The success of the first two Philosophy, Disability and Social Change conferences has demonstrated that online philosophy conferences are a viable and accessible alternative to in-person conferences. Philosophers know by now the many reasons why in-person conferences should be discouraged, if not rendered obsolete: conference air travel has significant detrimental impact on the environment; in-person conferences are economically exclusionary; they are usually inaccessible to many disabled philosophers; and so on. The Philosophy, Disability, and Social Change 3 conference in December 2022 will show, once again, that online conferences can be philosophically stimulating and politically energizing venues.
In order to expedite the process of weaning philosophers from in-person conferences, Filippo Contesi and BIOPOLITICAL PHILOSOPHY blogger Mich Ciurria have composed and put into circulation the Online Accessibility Pledge. The Online Accessibility Pledge reads as follows:
“The recent spread of virtual research events and meetings has shown us that philosophy can be more sustainable, accessible and inclusive, both globally and locally. Online accessibility makes it possible to include more fully a host of philosophy stakeholders whose participation is eminently desirable. Among them are low-income, disabled, neurodivergent, international, and migrant philosophers, caregivers, philosophers with dietary restrictions, and students and scholars with limited access to travel funds. Finally, online-accessible meetings make our practices of gathering to discuss academic ideas more sustainable by reducing expensive and environmentally harmful travel.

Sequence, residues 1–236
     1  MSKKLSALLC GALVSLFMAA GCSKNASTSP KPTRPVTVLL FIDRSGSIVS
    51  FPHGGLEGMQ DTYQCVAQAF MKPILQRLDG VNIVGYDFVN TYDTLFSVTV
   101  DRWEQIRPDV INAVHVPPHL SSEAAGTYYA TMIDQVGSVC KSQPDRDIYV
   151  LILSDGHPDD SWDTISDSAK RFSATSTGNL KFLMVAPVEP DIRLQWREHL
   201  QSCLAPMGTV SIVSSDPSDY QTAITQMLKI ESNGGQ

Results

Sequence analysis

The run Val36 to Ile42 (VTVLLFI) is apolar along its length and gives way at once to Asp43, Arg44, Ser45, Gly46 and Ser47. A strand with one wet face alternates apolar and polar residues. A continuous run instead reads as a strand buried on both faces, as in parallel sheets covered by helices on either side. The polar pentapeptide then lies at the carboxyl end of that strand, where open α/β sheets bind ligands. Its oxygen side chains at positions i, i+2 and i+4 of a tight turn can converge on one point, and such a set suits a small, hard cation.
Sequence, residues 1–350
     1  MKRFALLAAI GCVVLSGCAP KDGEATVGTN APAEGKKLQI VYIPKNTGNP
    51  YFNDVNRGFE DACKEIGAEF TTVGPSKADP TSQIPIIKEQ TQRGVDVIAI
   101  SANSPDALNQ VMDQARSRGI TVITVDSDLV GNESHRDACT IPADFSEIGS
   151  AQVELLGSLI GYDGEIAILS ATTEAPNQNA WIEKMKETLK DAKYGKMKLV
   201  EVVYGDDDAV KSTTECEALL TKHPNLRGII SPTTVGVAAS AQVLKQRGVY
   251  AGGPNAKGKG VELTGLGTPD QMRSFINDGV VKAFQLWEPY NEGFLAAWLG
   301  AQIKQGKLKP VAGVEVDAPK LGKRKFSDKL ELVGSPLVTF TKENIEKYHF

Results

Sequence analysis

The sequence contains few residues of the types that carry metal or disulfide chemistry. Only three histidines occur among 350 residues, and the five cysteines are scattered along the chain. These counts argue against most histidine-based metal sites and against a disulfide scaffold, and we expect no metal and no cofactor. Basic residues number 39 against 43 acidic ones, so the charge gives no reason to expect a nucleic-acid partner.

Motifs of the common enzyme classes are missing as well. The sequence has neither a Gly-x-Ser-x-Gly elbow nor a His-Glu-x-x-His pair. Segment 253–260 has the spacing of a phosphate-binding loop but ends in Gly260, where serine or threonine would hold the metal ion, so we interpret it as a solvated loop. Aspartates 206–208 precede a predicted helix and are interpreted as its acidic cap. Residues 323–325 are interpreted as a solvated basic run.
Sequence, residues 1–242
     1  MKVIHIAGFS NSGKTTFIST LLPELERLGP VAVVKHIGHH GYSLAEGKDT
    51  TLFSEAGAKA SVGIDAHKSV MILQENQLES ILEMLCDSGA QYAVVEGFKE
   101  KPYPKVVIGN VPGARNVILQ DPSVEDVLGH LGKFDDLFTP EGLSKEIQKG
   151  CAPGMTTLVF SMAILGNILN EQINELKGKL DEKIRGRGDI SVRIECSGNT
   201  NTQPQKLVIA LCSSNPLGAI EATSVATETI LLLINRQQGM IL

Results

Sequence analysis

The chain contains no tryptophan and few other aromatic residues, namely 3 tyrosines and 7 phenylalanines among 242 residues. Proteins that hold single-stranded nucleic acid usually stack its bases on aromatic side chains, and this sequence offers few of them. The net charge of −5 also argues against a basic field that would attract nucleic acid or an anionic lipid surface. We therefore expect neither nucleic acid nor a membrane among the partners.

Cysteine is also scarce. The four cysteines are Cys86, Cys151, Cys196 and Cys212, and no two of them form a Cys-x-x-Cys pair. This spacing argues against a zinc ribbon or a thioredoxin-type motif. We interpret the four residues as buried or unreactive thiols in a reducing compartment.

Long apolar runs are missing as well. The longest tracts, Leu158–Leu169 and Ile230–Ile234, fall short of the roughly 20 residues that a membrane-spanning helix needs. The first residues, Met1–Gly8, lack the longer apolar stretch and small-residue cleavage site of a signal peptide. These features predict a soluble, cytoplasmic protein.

Going forward, we philosophers pledge wherever possible to organize online-accessible research meetings. Such meetings may be organized either fully online or using a hybrid (online/in-person) model. In both cases, we will aim to make them accessible remotely by anyone who wishes to take part in them while fulfilling other requisite criteria, e.g. has had their paper accepted for a particular meeting, is a scholar in the relevant disciplines etc. We will offer such online accessibility to both presenters and participating audiences, from the start and for all academic presentations or aspects of the event. In doing so, we will take advantage of the accessibility features the online medium affords, such as closed captions, transcriptions etc. Finally, we will require no justifications or explanations of anyone who expresses their wish to take advantage of such online accessibility, nor will we charge unreasonable fees for their online participation.”
I wholeheartedly support the Online Accessibility Pledge and have enthusiastically signed it. You can sign on to it here.